Paa-Bekoe Welbeck is a native of Ghana who came to the United States 20 years ago with $100 in his pocket. After accumulating a batch of academic degrees, Welbeck went to work at the Howard University school of dentistry, got married and was later recruited for a job with an independent research group in Hawaii.
It was during life on the islands that Welbeck and his wife, Elnora, discovered a hobby that gradually grew, as Welbeck puts it, into an addiction they could support only by selling their home, a car and their furniture. The Welbeck's particular weakness, which has resulted in their new business in Silver Spring, is collecting artifacts of the Pacific islands.
Last week, they opened Welbeck's Jewelry and Gifts, a store specializing in imports the couple personally transported here after a 90,000-mile trip around Pacific islands such as Tahiti, American and Western Samoa, Papua New Guinea and the Tonga Islands. They say they have $250,000 worth of artifacts, acquired without the aid of outside financing.
Welbeck says that when he began buying Hawaiian gifts to bring to friends on the mainland, the seed that has grown into the business on Georgia Avenue was planted. From there, it was only a question of time before it occurred to the couple that they ought to sell some of their purchases, which were continuing to accumulate.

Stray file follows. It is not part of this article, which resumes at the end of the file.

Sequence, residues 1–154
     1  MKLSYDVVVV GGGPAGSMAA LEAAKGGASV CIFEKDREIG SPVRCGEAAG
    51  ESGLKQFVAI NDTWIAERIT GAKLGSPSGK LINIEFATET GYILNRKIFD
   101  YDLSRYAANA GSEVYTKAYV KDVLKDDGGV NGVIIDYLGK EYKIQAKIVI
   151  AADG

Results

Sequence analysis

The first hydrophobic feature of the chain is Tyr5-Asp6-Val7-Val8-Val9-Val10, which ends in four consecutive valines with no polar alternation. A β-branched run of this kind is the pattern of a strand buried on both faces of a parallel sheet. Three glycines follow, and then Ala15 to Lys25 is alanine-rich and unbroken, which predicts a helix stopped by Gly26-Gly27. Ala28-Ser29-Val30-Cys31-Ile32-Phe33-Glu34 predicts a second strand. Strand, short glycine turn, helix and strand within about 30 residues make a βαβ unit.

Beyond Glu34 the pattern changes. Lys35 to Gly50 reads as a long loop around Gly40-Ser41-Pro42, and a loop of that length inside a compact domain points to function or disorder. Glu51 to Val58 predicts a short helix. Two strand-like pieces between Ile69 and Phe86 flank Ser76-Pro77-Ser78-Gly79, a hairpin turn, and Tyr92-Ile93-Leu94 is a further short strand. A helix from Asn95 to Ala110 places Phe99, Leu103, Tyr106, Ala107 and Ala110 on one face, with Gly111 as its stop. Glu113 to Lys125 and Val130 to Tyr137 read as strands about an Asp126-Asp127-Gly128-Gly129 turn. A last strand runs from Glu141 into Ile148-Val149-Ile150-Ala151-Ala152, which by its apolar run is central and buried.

"We started with $250 capital to buy the initial artifacts we wanted to sell," Welbeck said. "Slowly we became so addicted that we came to the point where we had to dip into other sources to keep up our habit, so we sold one of our cars to use the money to invest in inventory. Then we sold some of our furniture. And every time I got paid we would go and bargain hunt at the swap meets, where we really got turned on to some of the unusual things you could find."
The Welbecks have plans, assuming that their business does well, to conduct an essay contest for young people. They would offer as a grand prize a trip to the lands where the couple does their collecting.
"We hope that, if the business does well, we can pour some of our profits right back into the community by offering travel grants, hopefully in cooperation with a travel agency, an airline, a hotel, places I've established contacts," Welbeck said. "Say, in Fiji, we might be able to get local residents to open their doors to some young people from here. We would pay living expenses and inter-island travel, which is expensive. We would pick the winner by an essay competition on an agreed-upon topic, and set up a committee to make a final decision" on the winner.
Another community service the Welbecks would like to offer is college scholarships, although they say this is an idea for future consideration.